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Holiday Partnership offers a way to give back

The effort focuses on providing food baskets and gifts to local families in need


by: JASON CHANEY - Crook County Fire and Rescue staff members Cody Buss, Cody Grimm, and Chris Bocchi (left to right) pose with a Toys for Tots collection box that occupies the CCFR lobby.

During the holiday season, people embrace the opportunity to give to others who are struggling or have needs greater than their own.

In Crook County, residents can once again turn to the Holiday Partnership to help local people in need.

“As a community, we have had a pretty high unemployment rate,” said Brenda Comini, one of the organizers of the Partnership. “It has taken people a while to get back on their feet. So, this effort is the community coming together to help those who are struggling.”

The Holiday Partnership brings together multiple civic and social service organizations as well as businesses and local families to collect and dispense food boxes and gifts throughout the community.

“We have usually around 300 or so volunteers who help contribute to make this all happen,” Comini said.

The food box effort includes local churches with Eastside Church leading the way on putting them together. In addition, the Prineville Eagles help Partnership organizers purchase gift certificates for people with special dietary needs, such as diabetics or those who need gluten-free food. The local Elks Club and Veterans of Foreign Wars organization also put together food boxes and deliver them.

Crook County Fire and Rescue will also join the food collection effort. This Saturday, their staff will conduct a three-hour food drive in the Northridge subdivision.

When it comes to gifts, the Partnership similarly relies on a variety of local groups.

“We have trees throughout the local banks that put out tags on their trees,” Comini said. “People can check out the tags (to purchase the gifts).”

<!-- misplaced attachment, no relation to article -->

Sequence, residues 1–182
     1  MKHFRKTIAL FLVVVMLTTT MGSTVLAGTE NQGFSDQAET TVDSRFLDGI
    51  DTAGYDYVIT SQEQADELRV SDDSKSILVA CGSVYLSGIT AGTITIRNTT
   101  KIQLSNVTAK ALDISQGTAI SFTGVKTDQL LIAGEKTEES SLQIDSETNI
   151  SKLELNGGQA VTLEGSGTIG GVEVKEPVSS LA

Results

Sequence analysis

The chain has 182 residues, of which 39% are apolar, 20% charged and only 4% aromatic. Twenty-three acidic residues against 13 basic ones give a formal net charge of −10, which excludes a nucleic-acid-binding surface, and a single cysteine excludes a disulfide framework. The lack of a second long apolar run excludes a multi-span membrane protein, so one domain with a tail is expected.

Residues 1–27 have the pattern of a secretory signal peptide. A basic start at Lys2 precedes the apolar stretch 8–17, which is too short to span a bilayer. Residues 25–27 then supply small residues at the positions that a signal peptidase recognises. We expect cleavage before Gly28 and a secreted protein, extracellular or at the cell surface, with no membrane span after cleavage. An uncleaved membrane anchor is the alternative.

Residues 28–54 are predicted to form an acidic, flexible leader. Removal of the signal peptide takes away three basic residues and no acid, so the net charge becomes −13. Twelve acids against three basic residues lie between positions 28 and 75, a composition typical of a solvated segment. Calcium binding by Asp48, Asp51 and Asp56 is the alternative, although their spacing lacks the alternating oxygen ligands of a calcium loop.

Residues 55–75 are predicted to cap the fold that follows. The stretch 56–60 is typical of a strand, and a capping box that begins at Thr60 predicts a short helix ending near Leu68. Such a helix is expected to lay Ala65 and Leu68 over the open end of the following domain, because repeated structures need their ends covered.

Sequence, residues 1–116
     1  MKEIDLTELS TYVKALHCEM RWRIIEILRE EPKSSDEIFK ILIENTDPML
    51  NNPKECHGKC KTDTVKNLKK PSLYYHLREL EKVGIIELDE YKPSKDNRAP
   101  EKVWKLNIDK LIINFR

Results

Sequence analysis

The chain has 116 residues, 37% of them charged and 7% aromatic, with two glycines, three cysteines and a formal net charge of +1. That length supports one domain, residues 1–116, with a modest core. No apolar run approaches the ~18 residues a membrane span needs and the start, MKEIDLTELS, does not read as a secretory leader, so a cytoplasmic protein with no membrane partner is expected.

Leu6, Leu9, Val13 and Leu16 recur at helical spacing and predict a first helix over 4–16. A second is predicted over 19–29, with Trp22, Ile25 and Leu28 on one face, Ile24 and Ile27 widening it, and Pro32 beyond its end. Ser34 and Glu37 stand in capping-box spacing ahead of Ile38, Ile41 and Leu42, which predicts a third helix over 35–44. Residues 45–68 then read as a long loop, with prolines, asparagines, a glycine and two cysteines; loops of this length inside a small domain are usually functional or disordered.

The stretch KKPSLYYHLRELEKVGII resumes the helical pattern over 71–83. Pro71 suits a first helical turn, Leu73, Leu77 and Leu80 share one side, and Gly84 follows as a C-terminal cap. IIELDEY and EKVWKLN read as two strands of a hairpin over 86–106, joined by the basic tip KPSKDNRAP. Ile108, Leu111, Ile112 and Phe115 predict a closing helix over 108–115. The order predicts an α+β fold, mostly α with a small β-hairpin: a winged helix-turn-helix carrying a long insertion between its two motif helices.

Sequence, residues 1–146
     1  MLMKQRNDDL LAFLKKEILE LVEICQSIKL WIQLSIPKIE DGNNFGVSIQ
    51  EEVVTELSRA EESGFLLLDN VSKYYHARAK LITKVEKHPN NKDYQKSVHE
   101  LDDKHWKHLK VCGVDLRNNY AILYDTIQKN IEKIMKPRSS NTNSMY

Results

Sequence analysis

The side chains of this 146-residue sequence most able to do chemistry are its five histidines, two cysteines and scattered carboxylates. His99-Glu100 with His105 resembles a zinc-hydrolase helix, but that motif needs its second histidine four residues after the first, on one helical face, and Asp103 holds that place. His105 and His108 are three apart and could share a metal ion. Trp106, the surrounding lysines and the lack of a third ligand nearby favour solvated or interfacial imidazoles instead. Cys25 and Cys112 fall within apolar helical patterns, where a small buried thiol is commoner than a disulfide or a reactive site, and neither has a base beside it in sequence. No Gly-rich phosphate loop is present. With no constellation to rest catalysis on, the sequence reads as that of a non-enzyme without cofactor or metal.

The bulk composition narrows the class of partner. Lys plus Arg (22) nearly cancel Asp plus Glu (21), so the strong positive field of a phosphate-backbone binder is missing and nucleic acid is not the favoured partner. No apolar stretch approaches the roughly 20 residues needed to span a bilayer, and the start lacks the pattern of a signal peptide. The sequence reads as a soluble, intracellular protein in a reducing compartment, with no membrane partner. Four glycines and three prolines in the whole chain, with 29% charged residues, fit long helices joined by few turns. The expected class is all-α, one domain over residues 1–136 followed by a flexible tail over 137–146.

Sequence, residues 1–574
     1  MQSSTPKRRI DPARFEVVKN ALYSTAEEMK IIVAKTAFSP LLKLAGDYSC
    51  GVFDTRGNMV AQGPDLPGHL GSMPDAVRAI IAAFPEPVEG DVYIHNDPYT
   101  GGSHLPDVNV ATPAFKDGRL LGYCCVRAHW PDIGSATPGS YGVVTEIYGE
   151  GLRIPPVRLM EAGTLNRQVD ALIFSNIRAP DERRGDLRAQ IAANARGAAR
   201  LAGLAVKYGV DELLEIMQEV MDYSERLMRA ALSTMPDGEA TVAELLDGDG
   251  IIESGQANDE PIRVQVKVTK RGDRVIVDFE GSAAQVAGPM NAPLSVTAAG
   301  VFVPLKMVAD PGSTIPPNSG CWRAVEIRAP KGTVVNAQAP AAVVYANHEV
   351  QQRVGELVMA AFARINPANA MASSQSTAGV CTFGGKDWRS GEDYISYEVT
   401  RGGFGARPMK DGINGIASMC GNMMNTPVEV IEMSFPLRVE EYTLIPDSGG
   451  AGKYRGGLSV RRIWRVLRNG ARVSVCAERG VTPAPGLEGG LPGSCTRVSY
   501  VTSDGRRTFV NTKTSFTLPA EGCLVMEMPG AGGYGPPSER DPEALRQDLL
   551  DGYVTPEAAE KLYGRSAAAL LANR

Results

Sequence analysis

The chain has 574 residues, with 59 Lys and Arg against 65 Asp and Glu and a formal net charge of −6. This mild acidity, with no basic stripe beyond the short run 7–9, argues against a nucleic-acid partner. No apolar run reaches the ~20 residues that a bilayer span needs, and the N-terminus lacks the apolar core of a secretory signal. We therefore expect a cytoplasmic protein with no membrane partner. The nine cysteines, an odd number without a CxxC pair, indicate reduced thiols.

The effort also includes Toys for Tots, a campaign run by the U.S. Marine Corps Reserve to purchase toys for children whose parents cannot afford them.

Those who prefer not to purchase and donate gifts, the Partnership will accept cash donations.

“We have shoppers who can help fill tags,” Comini said.

In addition, the Partnership has collected bicycles, which have been refurbished through a partnership with Bicycle Re-Source of Bend. The Prineville Police Department has purchases some bikes to give away as well.

The food boxes and gifts go to families throughout the community who must apply to receive them based on income eligibility. People can not only donate food and gifts, but choose to adopt someone in need.

“We have organizations, groups, or even families who adopt whole families and sometimes take care of their gifting and food boxes,” Comini said.

The Partnership will set up shop for the holidays at the Crook County Fairgrounds, with gifts staged in Carey Foster Hall and food boxes stored in the 4-H building.

Later this week, Comini said the volunteer-intensive effort will seek more help and donations as gift-wrapping work begins.

“We can use donations of gift wrap supplies. We will take volunteers to help with gift wrapping.”

Comini acknowledged that community members continually struggle and need food donations and other help beyond the holiday season. Nevertheless, she feels the Holiday Partnership also gives people the chance to participate in the heightened spirit of giving that emerges this unique time of the year.

“This is an amazing time for the community to open their hearts,” she said.




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  • 28 Jul 2014

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  • 29 Jul 2014

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